My sister Susan and I would tumble out of the car when we arrived at our grandparent’s house. We had spent days in the car fighting and playing games on our way to Covington and Memphis. Without seatbelts we couldn’t be held in our place along the long bench seats in the back of the car. Susan and I were always fighting about who was encroaching on whose designated share of the bench seat. All of which was occasionally interrupted with our dad pulling over to the shoulder of the road and whipping his arm over the back of the front seat while I squirmed to avoid being hit. If he was especially angry, he’d pull me out of the car and smack me hard across the face or rear end. He never hit Susan because she was a girl. He had standards to uphold.
Every summer we would pull into the gravel driveway next to my Grandfather Joe’s white Chevy truck. The next few moments were always fraught with anxiety and dread. As my smiling Grandmother Zolette swung open the front door, behind her would crowd Great Grandmother Elsie. She was a small, gnarled woman in a print housedress, support hose, and brown thick-soled shoes. She’d set her Folger’s jar full of tobacco spit in the floor beside her chair and then would lean forward for some sugar. I’d feel the lump of snuff in her lower lip as she pressed her lips against my cheek, leaving a streak of brown spittle on my cheek. I tried not to throw up and didn’t know how I was going to get that off my check. I was too afraid to touch it.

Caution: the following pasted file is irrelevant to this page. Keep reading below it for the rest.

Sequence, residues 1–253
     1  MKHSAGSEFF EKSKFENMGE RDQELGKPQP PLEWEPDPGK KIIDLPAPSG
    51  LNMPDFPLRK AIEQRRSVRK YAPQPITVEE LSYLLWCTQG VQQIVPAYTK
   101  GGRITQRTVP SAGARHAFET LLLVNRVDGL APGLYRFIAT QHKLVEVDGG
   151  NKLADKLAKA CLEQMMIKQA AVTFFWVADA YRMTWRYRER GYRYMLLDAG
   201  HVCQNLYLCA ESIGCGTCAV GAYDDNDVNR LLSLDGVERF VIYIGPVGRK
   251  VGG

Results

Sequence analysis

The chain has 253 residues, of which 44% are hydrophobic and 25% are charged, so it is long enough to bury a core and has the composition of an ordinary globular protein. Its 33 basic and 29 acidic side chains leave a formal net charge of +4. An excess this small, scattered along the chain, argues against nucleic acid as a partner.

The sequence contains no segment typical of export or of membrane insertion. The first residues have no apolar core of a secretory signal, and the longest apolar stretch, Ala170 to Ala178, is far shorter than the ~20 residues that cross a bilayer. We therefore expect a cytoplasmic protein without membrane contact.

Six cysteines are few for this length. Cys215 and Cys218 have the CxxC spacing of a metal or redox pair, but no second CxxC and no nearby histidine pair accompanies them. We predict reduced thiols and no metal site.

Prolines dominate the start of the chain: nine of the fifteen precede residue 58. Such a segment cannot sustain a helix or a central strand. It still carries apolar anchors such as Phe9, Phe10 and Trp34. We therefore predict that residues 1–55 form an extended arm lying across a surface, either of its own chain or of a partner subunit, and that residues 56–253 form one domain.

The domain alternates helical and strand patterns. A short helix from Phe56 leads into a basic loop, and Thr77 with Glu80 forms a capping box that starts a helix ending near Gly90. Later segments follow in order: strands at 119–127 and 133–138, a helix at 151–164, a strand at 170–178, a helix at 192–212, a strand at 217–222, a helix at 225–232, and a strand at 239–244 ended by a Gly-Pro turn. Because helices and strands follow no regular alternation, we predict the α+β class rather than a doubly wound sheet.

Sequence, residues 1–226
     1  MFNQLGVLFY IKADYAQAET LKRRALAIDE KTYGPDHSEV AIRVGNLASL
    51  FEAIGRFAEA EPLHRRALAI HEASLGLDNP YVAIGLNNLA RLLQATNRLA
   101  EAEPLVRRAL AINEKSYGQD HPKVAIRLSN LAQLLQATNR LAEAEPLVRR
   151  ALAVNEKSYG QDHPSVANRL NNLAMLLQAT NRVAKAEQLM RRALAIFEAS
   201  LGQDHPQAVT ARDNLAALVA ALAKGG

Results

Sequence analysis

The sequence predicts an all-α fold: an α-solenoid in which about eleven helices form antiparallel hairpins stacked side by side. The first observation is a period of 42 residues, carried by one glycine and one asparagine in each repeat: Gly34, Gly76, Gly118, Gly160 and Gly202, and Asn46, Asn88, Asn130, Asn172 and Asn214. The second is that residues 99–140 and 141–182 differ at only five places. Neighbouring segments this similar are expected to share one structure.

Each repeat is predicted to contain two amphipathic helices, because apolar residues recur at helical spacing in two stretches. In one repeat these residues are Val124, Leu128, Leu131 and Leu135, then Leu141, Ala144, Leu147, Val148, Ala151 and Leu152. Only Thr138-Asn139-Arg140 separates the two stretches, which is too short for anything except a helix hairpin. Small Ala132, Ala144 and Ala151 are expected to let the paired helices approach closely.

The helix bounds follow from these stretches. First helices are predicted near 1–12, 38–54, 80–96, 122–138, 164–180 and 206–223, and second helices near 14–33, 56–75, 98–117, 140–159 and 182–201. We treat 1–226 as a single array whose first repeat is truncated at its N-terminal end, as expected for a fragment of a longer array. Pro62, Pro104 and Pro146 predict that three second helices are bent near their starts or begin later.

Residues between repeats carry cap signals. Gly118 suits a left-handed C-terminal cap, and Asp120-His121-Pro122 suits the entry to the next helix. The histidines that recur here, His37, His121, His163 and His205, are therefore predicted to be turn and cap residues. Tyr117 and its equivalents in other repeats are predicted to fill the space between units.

Across the room, Grandfather Joe would rise from his naugahyde recliner. A half-smoked cigar would jut from his lips underneath a nose that belonged in the Guinness Book of World Records. It was a huge whiskey nose that seemed to grow like a massive red fungus on the middle of his face. As he approached, he’d pull the wet, soggy cigar from his lips. Bits of brown wrapper would cling to his lips, but that wasn’t a problem the way Great Grandmother Elsie’s spittle was. He would simply lean toward me and offer a not very embracing hug. The sharp smell of alcohol would break ever so slightly through the aroma of the nickel cigar. As I grabbed him loosely around the waist, my hand would land on his pistol holstered on his hip. It always shocked me because I had rarely been around guns. Wearing a gun made him seem like he had stepped out of a Saturday Matinee Western. My father tells me that my grandfather always carried a gun, even when he was a boy. I guess Convington was just that kind of place.